A rare ear spool from Tennessee made of steatite. These date to the late Woodland Period. This style is referred to as “napkin ring” due to the resemblance. The ear lobe would have to have been much enlarged to accommodate these; since it measures 1 1/2 inches in diameter and 2 inches in length. Collection of Mitchell Crisp, Polk County, Tennessee
A very interesting “beetle” effigy made from a red claystone that was utilized in Tennessee and Alabama during the Woodland Period for pendants. Note the lifelike head and that the reverse side features four drilled out “feet.”It measures just over 3 inches in length. Collection of Ray Kilgore, Cusseta, Alabama
This 41 inch long Hopewell point is made from a white Burlington chert with tinges of pink It was found by Felix Broleo of Johnston City, Illinois in the 1950’s. He was excavating a Hopewell site at the mouth of the Saline River in Hardin County, Illinois. Collection of Mike Sutton, Harrisbug, Illinois
A 6″ long by 1 7/8″ wide Adena blade made from a high quality hornstone. This was found in Logan County, Kentucky on February 19, 1971. It was pictured many years ago in black and white in the 1972 CSAJ #4 pg. 184. Collection of Bob Yakimicki, Knox, Indiana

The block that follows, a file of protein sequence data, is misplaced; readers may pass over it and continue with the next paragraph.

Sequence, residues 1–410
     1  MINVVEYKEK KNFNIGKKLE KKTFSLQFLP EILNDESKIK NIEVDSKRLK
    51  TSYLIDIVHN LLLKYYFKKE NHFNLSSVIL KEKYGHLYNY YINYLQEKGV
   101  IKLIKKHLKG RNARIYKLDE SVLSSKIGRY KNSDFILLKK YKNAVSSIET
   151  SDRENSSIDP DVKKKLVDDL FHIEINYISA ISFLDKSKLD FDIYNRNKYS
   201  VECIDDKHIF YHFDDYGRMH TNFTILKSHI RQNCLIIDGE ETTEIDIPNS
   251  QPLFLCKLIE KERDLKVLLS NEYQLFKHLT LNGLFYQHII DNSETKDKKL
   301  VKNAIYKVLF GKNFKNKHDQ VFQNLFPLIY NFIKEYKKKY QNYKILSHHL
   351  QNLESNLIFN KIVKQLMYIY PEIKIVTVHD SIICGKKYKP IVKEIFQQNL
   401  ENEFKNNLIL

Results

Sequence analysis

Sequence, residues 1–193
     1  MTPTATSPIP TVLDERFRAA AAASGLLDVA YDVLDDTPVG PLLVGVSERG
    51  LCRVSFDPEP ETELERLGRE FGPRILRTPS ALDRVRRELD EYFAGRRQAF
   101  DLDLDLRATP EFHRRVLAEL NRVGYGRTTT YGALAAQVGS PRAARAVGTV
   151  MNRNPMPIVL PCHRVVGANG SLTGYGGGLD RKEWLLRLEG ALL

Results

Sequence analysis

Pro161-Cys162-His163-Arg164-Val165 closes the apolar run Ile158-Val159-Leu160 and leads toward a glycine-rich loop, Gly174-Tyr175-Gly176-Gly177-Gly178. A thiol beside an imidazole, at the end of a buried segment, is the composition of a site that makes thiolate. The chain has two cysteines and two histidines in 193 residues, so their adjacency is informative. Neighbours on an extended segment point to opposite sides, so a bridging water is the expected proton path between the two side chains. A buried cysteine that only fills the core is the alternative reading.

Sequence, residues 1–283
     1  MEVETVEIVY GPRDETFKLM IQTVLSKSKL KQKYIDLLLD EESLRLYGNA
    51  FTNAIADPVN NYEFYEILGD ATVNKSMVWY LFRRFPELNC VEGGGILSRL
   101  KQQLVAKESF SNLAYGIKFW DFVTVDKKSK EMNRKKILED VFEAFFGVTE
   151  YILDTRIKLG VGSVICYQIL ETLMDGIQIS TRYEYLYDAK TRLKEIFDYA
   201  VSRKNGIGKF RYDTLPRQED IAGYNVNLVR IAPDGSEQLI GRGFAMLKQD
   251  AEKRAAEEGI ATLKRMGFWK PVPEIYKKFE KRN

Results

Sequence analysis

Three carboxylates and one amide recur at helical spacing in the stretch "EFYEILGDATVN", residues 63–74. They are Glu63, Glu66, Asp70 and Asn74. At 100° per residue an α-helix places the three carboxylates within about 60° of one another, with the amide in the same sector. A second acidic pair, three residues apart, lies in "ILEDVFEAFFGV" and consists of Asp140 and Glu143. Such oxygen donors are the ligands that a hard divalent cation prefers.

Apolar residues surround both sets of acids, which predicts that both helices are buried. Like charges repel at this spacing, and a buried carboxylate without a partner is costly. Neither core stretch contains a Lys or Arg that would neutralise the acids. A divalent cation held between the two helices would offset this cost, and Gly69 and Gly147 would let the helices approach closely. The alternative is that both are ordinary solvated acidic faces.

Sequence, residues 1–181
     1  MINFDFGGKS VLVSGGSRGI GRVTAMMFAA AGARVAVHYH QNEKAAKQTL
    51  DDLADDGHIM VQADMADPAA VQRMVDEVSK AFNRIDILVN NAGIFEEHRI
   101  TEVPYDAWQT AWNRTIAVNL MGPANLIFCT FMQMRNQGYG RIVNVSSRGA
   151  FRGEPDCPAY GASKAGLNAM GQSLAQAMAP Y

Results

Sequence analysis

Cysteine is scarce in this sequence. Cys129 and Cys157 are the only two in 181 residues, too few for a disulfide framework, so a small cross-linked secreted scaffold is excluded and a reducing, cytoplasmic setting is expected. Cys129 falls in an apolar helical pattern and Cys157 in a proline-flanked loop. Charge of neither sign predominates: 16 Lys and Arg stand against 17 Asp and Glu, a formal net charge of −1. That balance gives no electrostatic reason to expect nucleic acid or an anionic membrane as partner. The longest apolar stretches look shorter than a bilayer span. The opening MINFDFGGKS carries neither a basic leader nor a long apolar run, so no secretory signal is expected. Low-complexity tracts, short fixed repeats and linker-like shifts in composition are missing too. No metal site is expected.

Two Morse Style knives made from Burlington chert. These were found under a tree in 1969 by Bill Fetch at the Synder Site in Calhoun County, Illinois. Morse knives are always quite large, and these are no exception,measuring 8 3A inches in length. Collection of Dennis Bushey, Cullman, Alabama
Very few Hopewell Period pottery vessels have survived in whole condition. This vessel was found near the Baehr Mounds in Brown County, Illinois near the Illinois River by Scott Vandeventer. It is known as a Havana Zone style ceramic. The design is especially intricate, featuring parallel lines within “zones,” ziz-zag lines and cross hatching. Collection of the Museum of Native American History Bentonville
The Woodland Period has all sorts of odd and strange artifacts. Cones are one of them They were made primarily of hematite, which is very heavy and difficult to work. Most are highly polished. They usually range from 1 1/2 to 2 inches in diameter. However, some examples have been noted in the four inch range. Some cones are made out of other materials, and several were found in Hopewell Mounds made from rock crystal. The two above are made of hematite and measure 1 1/2 inches in diameter. The one on the lefr is from Clarksville, Tennessee and its finding was documented in the CSAJ Vol. 53 No.2 Page82. The cone on the right was found in Alexander County, Illinois and was once collected by Ben Thompson.
An extremely colorful Snyders Point made from a heat treated Burlington chert. This point was found in Illinois in 1959 and measures 4 inches in length. Collection of Dan Mass, Stoddard, Wisconsin.